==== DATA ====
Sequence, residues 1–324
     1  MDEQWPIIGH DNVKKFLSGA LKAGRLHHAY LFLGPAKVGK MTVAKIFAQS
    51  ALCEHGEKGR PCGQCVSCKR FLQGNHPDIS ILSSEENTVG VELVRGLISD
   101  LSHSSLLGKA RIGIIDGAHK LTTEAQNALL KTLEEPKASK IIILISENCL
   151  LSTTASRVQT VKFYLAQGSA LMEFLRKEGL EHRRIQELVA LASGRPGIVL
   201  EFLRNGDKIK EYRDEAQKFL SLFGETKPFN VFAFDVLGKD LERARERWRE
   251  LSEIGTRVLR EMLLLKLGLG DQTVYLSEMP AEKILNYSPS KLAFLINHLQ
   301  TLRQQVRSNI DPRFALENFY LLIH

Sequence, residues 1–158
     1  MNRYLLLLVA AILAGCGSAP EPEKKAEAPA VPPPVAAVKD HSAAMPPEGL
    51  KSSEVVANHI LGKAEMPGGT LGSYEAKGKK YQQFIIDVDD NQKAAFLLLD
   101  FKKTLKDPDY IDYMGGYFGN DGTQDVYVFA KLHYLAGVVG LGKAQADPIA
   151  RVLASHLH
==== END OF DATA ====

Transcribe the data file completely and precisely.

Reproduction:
Sequence, residues 1–324
     1  MDEQWPIIGH DNVKKFLSGA LKAGRLHHAY LFLGPAKVGK MTVAKIFAQS
    51  ALCEHGEKGR PCGQCVSCKR FLQGNHPDIS ILSSEENTVG VELVRGLISD
   101  LSHSSLLGKA RIGIIDGAHK LTTEAQNALL KTLEEPKASK IIILISENCL
   151  LSTTASRVQT VKFYLAQGSA LMEFLRKEGL EHRRIQELVA LASGRPGIVL
   201  EFLRNGDKIK EYRDEAQKFL SLFGETKPFN VFAFDVLGKD LERARERWRE
   251  LSEIGTRVLR EMLLLKLGLG DQTVYLSEMP AEKILNYSPS KLAFLINHLQ
   301  TLRQQVRSNI DPRFALENFY LLIH

Sequence, residues 1–158
     1  MNRYLLLLVA AILAGCGSAP EPEKKAEAPA VPPPVAAVKD HSAAMPPEGL
    51  KSSEVVANHI LGKAEMPGGT LGSYEAKGKK YQQFIIDVDD NQKAAFLLLD
   101  FKKTLKDPDY IDYMGGYFGN DGTQDVYVFA KLHYLAGVVG LGKAQADPIA
   151  RVLASHLH